“The first months of the new government were characterised by our spending money which, in the event, we did not have,” Joel Barnett, the then chief secretary to the Treasury, later recorded – something that later helped lead to Britain’s recourse to the International Monetary Fund in 1976. The parties today would no doubt hope to avoid that, given the need to cut the deficit.

And unlike today – if the comments of David Cameron, the Conservative leader on Friday, are anything to go by – it was always clear in 1974 that Wilson was likely to go for an early second general election.

As early as April, he was contemplating a June or October poll, according to Bernard (now Lord) Donoghue, his then policy unit head in Downing Street.

Following the twin budgets and a string of green and white papers presaging promised legislation on everything from North Sea oil development to further pension increases, a wealth tax, and the promise of developed assemblies for Scotland and Wales, Wilson opted in September to go in October.

Despite being a minority government, Labour passed 35 bills in the 184 days of the parliament – although it lost elements of its legislation.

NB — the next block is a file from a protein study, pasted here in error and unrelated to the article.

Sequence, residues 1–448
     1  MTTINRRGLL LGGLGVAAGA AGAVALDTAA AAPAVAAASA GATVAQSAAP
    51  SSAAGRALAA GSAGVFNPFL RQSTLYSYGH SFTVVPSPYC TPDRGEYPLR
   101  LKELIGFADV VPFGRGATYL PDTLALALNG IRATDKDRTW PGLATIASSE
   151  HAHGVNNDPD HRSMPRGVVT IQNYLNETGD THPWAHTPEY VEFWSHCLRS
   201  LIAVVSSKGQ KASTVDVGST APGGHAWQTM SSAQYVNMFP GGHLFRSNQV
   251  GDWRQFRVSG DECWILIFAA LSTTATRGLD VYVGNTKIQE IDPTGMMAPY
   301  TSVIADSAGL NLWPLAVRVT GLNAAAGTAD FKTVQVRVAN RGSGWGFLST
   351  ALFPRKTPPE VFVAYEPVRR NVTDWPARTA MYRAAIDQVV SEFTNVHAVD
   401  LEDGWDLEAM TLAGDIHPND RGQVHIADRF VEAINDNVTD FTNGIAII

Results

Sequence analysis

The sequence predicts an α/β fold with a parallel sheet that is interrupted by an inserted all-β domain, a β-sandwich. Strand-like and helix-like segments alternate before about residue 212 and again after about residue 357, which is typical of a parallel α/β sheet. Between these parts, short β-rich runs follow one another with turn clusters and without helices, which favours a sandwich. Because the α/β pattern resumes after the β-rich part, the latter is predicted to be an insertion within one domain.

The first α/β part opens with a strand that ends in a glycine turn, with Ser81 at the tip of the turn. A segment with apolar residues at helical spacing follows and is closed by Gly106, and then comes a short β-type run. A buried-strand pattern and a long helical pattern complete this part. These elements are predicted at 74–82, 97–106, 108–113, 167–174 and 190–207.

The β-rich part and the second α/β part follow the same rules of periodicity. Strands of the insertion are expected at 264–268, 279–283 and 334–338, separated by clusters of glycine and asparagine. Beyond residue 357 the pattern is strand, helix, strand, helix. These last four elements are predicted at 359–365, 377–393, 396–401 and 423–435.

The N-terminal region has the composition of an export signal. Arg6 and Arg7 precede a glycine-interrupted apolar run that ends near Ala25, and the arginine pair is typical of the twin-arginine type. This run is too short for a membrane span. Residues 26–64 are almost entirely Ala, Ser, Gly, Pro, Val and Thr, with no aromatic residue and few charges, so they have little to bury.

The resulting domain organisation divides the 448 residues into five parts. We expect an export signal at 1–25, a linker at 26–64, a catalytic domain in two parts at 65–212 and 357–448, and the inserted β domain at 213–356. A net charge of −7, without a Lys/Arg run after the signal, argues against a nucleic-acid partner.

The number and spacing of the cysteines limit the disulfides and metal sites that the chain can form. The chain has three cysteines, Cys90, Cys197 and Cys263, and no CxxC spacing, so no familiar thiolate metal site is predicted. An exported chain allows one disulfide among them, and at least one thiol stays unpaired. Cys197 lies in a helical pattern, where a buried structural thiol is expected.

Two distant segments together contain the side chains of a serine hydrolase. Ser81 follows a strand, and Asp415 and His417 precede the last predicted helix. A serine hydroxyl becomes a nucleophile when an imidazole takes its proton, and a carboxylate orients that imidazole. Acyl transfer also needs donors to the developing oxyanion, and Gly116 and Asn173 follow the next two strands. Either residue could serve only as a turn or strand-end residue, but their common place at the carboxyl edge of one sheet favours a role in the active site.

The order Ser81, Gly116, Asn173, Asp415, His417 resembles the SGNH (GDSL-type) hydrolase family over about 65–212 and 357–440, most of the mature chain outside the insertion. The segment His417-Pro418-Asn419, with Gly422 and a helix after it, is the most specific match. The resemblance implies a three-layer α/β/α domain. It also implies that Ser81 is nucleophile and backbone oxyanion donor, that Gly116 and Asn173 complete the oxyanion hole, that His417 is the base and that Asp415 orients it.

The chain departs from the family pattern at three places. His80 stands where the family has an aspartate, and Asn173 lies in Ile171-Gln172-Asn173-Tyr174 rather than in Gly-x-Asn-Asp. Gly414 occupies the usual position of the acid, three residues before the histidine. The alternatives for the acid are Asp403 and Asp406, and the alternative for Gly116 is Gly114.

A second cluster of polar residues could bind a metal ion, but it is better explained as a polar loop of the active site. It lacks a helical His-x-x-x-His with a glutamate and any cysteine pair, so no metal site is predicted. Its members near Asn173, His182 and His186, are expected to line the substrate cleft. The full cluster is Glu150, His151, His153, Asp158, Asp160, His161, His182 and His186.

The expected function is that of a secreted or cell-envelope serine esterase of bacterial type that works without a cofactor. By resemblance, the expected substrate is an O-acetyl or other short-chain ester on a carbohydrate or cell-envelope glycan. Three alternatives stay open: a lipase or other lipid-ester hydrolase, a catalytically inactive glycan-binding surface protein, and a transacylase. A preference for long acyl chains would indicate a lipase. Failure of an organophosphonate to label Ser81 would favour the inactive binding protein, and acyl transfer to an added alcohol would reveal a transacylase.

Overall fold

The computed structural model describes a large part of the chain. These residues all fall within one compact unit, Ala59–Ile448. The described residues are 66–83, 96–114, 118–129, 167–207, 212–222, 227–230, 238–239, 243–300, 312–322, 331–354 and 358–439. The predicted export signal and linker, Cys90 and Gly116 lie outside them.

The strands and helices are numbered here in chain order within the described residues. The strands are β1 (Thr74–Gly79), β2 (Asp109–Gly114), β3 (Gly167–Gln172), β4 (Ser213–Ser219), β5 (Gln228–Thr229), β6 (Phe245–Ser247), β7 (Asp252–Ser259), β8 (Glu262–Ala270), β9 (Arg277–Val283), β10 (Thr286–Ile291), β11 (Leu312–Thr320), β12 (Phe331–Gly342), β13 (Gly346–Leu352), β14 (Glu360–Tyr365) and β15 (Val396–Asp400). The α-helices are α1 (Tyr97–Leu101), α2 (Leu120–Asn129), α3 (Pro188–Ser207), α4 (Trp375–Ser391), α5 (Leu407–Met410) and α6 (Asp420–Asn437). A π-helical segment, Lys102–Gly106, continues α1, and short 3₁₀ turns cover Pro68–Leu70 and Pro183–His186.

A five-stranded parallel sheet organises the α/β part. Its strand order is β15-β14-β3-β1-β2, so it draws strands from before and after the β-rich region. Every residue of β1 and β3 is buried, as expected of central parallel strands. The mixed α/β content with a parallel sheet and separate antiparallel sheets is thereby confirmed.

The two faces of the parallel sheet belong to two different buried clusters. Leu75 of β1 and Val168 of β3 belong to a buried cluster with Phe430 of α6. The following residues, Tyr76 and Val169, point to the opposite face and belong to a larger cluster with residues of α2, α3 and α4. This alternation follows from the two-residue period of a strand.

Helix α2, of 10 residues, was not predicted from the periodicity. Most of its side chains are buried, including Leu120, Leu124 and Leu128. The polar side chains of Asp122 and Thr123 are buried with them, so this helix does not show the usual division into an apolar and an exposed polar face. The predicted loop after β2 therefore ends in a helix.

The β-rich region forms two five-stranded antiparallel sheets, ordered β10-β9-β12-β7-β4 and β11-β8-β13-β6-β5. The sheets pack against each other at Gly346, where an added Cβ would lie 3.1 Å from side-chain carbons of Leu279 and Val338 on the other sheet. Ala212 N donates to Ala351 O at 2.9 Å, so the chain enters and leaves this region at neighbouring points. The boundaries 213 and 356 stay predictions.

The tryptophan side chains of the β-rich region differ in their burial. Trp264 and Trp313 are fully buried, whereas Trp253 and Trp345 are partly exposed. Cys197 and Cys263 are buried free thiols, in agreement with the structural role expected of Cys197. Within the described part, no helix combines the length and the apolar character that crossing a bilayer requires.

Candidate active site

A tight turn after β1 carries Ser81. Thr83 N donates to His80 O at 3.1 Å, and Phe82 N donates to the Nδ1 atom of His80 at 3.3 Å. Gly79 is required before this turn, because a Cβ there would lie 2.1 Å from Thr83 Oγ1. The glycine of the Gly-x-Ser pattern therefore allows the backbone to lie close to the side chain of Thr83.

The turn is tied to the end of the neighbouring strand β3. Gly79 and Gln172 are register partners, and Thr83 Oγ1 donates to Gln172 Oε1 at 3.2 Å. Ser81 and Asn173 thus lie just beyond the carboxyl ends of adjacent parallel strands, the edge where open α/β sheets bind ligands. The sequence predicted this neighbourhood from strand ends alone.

Wilson attempted to solve the bitter industrial strife through the so-called “social contract” that was put “at the heart of the manifesto” and finally fully endorsed by the TUC in September, reinforcing Labour’s opinion poll lead.

Under it the unions agreed to moderate pay claims in return for a “social wage” – the benefit increases, rent and price controls that Labour had introduced and was promising – although Mr Barnett’s later embittered summary of the social contract was that “the only give and take in it was that the government gave and the unions took”.

The oil price rises had hammered economies around the world, with prices rising and stock markets falling – the FT share index tumbled more than a third from 313 in March to 202 in September. And when Wilson went to the country, ending the shortest parliament since 1681, the polls proved illusory, Labour ending up with a majority of just three seats.